Amy has been part of the Living Coasts team from the very beginning, when we opened in 2003.

She spent two years volunteering at an animal sanctuary that took in exotic species before her sister (who worked at our sister site Paignton Zoo as a bird keeper) told her about a new zoo and aquarium due to open, Living Coasts. 

“I didn’t just want to work with animals, I wanted to do more and share my passion and interest with others,” Amy explains. Having completed a national diploma in animal care and courses in zoo animal management and breeding management, Amy is constantly learning new techniques and expanding her knowledge.

She works with a range of species, from penguin to pipefish and otter to octopus. Her firm favourites are the Inca terns: “They are unique, specialised and there is nothing else similar here.”

A typical day for Amy starts with cleaning enclosures and feeding the animals. After that, the kitchen needs to be cleaned and more food preparation needs to be done as well as helping with public talks and feeds. The afternoon consists of more cleaning, feeding and record keeping.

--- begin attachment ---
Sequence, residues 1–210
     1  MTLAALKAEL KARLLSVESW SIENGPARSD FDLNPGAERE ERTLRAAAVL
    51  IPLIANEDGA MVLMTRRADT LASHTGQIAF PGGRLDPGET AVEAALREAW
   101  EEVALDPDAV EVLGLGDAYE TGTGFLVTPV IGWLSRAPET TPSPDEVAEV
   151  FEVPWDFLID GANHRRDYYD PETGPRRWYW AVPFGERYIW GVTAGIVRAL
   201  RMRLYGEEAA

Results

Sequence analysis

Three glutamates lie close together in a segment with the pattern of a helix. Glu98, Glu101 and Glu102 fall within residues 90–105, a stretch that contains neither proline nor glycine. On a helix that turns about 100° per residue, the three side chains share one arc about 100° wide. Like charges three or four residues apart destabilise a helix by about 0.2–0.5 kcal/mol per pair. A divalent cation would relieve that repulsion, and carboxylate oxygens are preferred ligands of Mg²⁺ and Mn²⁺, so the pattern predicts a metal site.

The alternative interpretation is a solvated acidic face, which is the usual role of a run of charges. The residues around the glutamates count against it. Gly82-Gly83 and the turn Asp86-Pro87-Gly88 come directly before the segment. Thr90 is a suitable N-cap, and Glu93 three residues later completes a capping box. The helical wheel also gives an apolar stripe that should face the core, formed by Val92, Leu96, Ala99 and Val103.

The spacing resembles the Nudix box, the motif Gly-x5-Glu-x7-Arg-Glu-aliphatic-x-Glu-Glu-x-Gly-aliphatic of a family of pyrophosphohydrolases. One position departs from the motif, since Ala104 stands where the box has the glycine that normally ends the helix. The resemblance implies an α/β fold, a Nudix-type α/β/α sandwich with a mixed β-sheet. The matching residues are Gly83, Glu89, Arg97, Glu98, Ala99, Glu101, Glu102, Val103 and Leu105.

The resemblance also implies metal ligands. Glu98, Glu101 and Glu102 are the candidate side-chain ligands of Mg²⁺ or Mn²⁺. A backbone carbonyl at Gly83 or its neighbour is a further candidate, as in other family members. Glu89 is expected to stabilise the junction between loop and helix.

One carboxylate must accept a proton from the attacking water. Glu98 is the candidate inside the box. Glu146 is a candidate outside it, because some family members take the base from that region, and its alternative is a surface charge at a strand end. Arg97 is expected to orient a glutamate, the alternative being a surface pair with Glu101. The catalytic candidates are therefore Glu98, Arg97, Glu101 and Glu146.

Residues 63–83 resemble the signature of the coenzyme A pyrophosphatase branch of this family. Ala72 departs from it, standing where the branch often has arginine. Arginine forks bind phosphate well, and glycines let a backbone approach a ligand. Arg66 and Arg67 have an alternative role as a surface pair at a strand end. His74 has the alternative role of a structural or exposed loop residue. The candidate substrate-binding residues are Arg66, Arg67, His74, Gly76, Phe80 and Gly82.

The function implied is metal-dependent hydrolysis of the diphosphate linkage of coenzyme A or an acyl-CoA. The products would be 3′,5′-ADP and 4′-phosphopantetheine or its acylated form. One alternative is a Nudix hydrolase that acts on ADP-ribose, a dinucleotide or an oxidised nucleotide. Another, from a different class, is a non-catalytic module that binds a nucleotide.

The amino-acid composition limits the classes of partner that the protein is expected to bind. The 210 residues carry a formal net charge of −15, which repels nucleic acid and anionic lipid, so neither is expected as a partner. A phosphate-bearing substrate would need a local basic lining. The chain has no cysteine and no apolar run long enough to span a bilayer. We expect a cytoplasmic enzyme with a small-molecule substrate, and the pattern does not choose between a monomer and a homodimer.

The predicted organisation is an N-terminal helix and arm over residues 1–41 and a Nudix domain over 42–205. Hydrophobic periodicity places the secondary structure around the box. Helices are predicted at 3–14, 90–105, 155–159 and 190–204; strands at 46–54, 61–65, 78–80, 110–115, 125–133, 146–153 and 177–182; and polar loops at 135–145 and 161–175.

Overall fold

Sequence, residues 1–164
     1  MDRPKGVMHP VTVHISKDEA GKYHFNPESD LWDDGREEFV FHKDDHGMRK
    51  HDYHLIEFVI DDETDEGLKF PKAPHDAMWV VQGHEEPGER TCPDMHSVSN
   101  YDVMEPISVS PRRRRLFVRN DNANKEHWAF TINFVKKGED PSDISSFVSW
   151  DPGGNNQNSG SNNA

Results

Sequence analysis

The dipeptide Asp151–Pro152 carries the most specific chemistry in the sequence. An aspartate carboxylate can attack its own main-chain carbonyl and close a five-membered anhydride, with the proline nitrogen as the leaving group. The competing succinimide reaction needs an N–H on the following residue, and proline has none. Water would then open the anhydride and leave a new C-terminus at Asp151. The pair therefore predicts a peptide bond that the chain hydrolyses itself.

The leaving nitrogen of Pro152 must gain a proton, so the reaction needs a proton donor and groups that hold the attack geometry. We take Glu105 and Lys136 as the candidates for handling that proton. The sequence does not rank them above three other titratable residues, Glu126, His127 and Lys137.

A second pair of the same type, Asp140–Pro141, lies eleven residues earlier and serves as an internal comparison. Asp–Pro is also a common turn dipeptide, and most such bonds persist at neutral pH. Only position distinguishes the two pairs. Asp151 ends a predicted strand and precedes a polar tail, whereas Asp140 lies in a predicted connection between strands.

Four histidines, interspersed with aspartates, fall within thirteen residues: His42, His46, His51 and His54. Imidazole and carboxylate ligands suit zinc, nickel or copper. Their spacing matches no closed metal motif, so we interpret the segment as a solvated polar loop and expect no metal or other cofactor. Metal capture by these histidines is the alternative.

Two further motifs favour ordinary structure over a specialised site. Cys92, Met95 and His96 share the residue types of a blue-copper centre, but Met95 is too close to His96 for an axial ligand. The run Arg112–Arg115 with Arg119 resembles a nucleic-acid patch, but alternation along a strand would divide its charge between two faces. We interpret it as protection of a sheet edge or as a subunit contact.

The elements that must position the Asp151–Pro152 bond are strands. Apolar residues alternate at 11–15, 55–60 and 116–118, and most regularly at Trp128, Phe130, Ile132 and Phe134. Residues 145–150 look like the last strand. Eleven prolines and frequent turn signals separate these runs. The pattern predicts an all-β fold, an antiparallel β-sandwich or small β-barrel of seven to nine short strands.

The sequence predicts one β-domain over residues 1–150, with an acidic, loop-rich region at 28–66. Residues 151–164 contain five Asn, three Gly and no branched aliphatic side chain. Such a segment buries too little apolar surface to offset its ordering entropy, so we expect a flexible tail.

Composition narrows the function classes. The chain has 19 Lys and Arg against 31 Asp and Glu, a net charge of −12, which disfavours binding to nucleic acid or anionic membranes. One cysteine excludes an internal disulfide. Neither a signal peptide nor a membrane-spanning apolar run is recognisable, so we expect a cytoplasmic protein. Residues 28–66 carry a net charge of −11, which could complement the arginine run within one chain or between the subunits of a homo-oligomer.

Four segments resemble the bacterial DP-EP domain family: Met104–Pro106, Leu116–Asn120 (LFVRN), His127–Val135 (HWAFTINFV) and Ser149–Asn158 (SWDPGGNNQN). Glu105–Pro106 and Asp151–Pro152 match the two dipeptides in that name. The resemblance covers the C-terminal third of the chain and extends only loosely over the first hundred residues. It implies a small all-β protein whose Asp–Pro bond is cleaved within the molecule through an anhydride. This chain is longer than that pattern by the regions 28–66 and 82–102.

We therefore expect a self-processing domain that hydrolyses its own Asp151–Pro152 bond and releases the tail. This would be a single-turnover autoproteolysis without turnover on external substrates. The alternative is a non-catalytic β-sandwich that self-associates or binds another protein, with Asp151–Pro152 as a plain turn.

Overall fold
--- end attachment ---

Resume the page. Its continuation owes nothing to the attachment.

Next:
As a keeper, Amy gets to know the animals she works with well and have some amazing experiences: "On my first day back from maternity leave, I went down to see one of our seals, Grace, who was pregnant. She instantly came up and rested her head on my lap. Animals do distinguish different people and you build a bond with them. It’s not just about a yellow bucket full of food. You can really tell with the seals how they act differently with different people."

Passionate about conservation, Amy told us: "Without zoos, a lot of these species would be dying out, and without having the species on show, people wouldn’t visit Living Coasts and engage with them. Conservation, husbandry techniques, research and education would be very limited without zoos."

“I want these animals to be around for my little boy to see. I don’t want to see them wiped out by irresponsible behaviour. Every little thing counts. Small things make a big difference, from picking up litter to being conscious about buying plastics, even if it’s buying fruit and vegetables without plastic packaging.”

Dedicated to her work, Amy has been managing the European Stud Book (ESB) for Inca terns for 8 years. This is a voluntary role that involves managing the captive population of the species throughout Europe. “I manage which facilities Inca terns go to and suggest transfers for genetic breeding reasons as they are a Near Threatened species.” This is a vital role, helping to ensure the future of the species - Amy finds it incredibly rewarding, knowing she is going that extra mile to protect a species.

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